Hungary announces opposition to EU climate plans
Rising energy prices are intensifying the European debate about the right path in climate policy. Hungary complains that the situation “threatens to kill the European middle class”. The debate in Brussels was interrupted after five hours.
IIn the EU, about ten days before the next World Climate Conference, a conflict is developing over future climate plans. Hungarian Prime Minister Viktor Orban on Thursday called on the EU Commission to “fully reconsider” its plans at the Brussels summit. Some of these are “fantasy fantasies,” he said of a plan to include the transportation sector and buildings in the emissions business in the future.
Orban argued that the plan would further fuel significantly higher energy prices and “kill the European middle class.” President Angela Merkel (CDU) has previously said that rising prices have nothing to do with climate change and that the EU must act “prudently”. Merkel supports a market economy solution. The UN Climate Conference kicks off on October 31 in Glasgow.
Austrian President Alexander Shalenberg said energy should not become a “luxury”. But questioning climate protection due to high gas and fuel prices is the “wrong approach”.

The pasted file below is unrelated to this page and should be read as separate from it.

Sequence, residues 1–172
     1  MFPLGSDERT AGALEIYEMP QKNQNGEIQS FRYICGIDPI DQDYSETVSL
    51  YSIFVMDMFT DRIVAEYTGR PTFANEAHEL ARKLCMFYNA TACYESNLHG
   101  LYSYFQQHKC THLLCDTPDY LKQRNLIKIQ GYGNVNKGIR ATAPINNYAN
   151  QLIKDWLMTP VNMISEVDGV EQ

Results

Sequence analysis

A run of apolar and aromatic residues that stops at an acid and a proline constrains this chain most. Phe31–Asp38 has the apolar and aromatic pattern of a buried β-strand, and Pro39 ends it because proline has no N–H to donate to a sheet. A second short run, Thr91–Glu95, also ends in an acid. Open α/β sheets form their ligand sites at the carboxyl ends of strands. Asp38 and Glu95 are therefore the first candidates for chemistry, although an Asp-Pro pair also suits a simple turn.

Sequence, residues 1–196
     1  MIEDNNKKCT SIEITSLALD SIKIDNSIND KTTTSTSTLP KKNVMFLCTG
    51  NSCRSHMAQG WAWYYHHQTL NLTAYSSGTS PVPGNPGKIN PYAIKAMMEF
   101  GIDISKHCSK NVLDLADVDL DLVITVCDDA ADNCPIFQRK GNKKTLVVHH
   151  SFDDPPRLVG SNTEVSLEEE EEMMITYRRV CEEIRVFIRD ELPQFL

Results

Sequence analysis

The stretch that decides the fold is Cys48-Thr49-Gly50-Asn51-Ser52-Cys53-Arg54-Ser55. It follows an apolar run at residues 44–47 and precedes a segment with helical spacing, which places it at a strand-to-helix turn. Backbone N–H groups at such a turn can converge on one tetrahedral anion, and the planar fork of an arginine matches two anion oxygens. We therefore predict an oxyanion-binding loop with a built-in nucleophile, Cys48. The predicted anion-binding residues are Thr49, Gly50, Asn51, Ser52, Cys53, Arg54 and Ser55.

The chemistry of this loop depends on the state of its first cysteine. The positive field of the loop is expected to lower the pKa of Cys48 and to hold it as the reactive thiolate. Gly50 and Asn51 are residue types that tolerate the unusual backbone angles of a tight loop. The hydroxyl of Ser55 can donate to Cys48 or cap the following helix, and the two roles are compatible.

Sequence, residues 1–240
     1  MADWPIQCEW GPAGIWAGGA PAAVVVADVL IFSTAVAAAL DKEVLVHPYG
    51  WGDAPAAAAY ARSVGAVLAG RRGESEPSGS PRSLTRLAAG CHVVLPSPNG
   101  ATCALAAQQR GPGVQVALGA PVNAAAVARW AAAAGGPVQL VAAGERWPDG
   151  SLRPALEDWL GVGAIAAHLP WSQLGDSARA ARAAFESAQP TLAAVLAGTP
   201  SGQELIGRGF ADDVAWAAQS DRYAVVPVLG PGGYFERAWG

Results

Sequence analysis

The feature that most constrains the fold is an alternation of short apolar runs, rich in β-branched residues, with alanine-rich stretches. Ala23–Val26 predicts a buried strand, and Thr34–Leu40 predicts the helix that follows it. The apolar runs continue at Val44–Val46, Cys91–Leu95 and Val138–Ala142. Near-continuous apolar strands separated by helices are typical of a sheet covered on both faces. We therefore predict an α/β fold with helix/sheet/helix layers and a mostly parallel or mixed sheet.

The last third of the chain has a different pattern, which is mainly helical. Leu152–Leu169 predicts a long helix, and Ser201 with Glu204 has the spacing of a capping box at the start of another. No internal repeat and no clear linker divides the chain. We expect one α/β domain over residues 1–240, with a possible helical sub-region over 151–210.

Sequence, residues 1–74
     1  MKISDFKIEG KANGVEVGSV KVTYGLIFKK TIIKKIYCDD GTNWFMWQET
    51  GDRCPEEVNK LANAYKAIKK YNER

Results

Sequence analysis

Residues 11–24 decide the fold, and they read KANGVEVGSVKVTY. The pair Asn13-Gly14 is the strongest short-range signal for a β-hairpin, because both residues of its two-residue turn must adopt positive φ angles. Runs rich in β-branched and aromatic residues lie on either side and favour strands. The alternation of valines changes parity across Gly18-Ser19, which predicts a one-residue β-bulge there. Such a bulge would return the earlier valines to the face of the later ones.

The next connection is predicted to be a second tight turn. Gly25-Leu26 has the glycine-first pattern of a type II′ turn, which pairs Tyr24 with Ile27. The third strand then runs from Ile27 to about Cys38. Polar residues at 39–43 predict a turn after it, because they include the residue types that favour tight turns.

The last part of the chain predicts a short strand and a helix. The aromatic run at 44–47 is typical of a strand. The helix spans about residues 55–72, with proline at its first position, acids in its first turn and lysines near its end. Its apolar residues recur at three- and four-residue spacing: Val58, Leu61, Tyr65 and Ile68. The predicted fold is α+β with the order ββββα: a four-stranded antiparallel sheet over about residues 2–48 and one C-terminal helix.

Through the climate package released by the Commission in July, the EU aims to reduce its emissions by 55 percent by 2030 compared to 1990 levels. Brussels is in favor of banning the sale of new vehicles with internal combustion engines from 2035. These plans are also controversial in Germany.
Several hours of discussion about energy prices
Southern European countries, especially Spain and Greece, have come under pressure from rising energy prices. Like vaccines, Spain is pushing for joint gas purchases and a strategic EU presence. Prior to the summit, Prime Minister Pedro Sanchez criticized the EU for moving “slower than desired”. Sanchez spoke in support of reforming the European electricity market.
Polish Prime Minister Mathews Moravic has accused Russia and the state-run Gosprom group of “economic intimidation”. Operating the Nort Stream 2 Baltic Sea pipeline to Germany would exacerbate the problem, he warned.
In Germany, too, the debate over North Stream 2 has picked up speed again. Green leader Annelana Berbaugh recently called for the project not to be allowed to run. Leaders of the Bundestag Committees on Economics and Energy and Economic Cooperation and Development, Klaus Ernst (left) and Peter Ramsour (CSU), have been critical of Barbok’s approach. Their accusation that “Russia is abusing its natural gas supply to blackmail Europe and is responsible for the increased energy prices” shows no signs, the two write in a joint statement. A “potential future foreign minister” must be intelligent.
Heads of state and government spent many hours discussing energy prices at the EU summit. It shows how political leaders are “paying attention” to this issue, the EU diplomat explained. About five hours later, heads of state and government intervened in the debate over price rises. It was not initially clear when the discussions would proceed.
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